A recent boom in “cli-fi” and “apoca-lit” lends an ethical urgency to the threats of global warming, a recent magazine article says. Insightful Canadian literary critic Louise Fabiani in Montreal explains ''why novels are still the best way to clarify our planet’s hopes and fears' in a very good piece for Pacific Standard magazine in California.
In the commercial camp, Paolo Bacigalupi’s The Water Knife is the highly accomplished, action-packed counterpart of Vaye Watkins’ more poetically envisioned (yet still-brutal) near future. Both warn about the consequences of current West Coast weather patterns and (mis)management of resources. Given very real water shortages, these books are trenchant and timely, and portend further titles within [a new independent literary genre that's been dubbed] “cli-fi”. As climate change and human population growth continue alarmingly but incrementally, cli-fi and post-apocalit have the power to scare us into action.* [NOTE: THIS BLOGGER'S IMPORTANT EDIT *HERE ABOVE* INSIDE THE BRACKLETS TO MARK AN IMPORTANT CORRECTION WHICH WE HOPE FABIANI WILL MAKE IN THE ONLINE VERSION OF HER ARTICLE. IN THE ORIGINAL ARTICLE, FABIANI INCORRECTLY CAND MISTAKENLY CALLED ''CLI-FI'' A ''SUB-SUB-GENRE'' OF SCIENCE FICTION. IT IS NOT A SUB-SUB-GENRE OF ANYTHING AND IS NOT A SUB-GENRE OF SCIENCE FICTION, EITHER. CLI-FI IS A SEPARATE, INDEPENDENT LITEARY GENRE OF ITS OWN AND GATHERING STEAM WORLDWIDE NOW ON ITS OWN AS WELL.]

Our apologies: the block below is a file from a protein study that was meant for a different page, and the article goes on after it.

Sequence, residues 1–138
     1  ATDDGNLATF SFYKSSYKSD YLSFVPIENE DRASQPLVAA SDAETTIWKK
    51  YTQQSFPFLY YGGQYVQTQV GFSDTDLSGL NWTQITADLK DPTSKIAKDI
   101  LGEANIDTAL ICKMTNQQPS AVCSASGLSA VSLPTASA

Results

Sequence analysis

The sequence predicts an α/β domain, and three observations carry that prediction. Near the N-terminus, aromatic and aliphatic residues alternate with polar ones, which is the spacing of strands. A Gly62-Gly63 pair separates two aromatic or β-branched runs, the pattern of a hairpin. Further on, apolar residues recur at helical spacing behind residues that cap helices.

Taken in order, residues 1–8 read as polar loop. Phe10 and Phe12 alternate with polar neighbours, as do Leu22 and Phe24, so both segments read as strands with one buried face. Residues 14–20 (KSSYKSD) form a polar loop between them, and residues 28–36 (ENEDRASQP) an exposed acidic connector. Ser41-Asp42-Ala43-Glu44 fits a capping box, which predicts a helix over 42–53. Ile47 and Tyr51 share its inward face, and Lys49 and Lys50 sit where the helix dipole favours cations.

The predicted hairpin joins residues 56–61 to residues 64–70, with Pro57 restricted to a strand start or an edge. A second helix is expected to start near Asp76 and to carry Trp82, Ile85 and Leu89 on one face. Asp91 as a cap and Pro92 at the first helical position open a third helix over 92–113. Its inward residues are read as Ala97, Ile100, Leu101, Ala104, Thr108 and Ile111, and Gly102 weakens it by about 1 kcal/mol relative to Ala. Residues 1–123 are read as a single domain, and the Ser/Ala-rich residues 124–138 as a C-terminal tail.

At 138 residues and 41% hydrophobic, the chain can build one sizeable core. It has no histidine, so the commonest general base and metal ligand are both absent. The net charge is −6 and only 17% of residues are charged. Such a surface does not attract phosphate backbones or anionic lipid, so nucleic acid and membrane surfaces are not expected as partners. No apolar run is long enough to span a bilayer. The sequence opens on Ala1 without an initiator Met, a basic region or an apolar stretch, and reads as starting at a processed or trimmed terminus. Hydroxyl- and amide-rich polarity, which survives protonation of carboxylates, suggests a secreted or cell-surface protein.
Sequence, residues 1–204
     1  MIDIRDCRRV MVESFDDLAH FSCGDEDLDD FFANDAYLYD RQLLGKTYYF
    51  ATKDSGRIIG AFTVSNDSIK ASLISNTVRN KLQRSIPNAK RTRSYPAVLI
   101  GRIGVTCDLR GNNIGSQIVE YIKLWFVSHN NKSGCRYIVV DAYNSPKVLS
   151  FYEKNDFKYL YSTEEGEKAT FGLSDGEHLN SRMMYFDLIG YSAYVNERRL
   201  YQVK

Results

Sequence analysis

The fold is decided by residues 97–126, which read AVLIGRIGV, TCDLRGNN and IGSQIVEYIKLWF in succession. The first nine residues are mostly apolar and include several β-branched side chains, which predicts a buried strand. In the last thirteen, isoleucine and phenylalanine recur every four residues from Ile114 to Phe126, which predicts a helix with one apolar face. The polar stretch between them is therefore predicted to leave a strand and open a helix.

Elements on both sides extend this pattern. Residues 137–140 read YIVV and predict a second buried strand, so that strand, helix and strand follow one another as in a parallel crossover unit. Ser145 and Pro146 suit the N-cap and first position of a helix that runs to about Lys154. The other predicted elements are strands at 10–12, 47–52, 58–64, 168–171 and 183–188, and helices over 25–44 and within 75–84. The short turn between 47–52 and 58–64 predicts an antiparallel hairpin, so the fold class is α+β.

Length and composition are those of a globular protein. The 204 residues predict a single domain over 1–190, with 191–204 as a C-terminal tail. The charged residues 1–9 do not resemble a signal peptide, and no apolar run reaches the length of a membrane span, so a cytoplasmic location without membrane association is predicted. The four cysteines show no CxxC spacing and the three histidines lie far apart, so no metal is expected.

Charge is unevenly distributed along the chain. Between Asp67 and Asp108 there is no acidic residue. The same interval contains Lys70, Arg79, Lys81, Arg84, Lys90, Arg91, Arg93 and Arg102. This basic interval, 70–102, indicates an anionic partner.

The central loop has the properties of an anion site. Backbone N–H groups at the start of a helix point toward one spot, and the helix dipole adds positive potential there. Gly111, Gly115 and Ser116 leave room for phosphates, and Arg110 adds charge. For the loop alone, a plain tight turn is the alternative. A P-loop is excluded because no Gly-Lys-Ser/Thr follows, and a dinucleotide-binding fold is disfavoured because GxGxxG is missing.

One last short excertpt. Fabiani wrote in her article, and we quote her here: "Most novels in the idiom, like McCarthy’s, feature minimal explanations as to how the hero(ine) became a survivor of Something Really Bad; writing that shifts between spare and devastatingly beautiful; and characters with little to no inner life — as if it has been bleached out of them by the very struggle to live. While most commercial post-apocalit is no fun-fest, high-literary examples tend to be especially grim."
Very well said, Professor Fabiani!
Read the full article at https://psmag.com/
SEE ALSO: ''DROUGHTLANDIA'' at the same magazine: